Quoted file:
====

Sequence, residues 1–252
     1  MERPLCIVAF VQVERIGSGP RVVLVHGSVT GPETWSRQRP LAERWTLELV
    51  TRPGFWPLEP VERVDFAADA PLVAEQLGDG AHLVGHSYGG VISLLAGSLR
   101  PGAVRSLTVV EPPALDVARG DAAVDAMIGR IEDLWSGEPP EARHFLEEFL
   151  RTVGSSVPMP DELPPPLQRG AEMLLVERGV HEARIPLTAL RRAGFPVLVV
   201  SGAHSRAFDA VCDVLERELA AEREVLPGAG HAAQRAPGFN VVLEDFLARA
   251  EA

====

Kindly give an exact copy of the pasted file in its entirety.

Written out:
Sequence, residues 1–252
     1  MERPLCIVAF VQVERIGSGP RVVLVHGSVT GPETWSRQRP LAERWTLELV
    51  TRPGFWPLEP VERVDFAADA PLVAEQLGDG AHLVGHSYGG VISLLAGSLR
   101  PGAVRSLTVV EPPALDVARG DAAVDAMIGR IEDLWSGEPP EARHFLEEFL
   151  RTVGSSVPMP DELPPPLQRG AEMLLVERGV HEARIPLTAL RRAGFPVLVV
   201  SGAHSRAFDA VCDVLERELA AEREVLPGAG HAAQRAPGFN VVLEDFLARA
   251  EA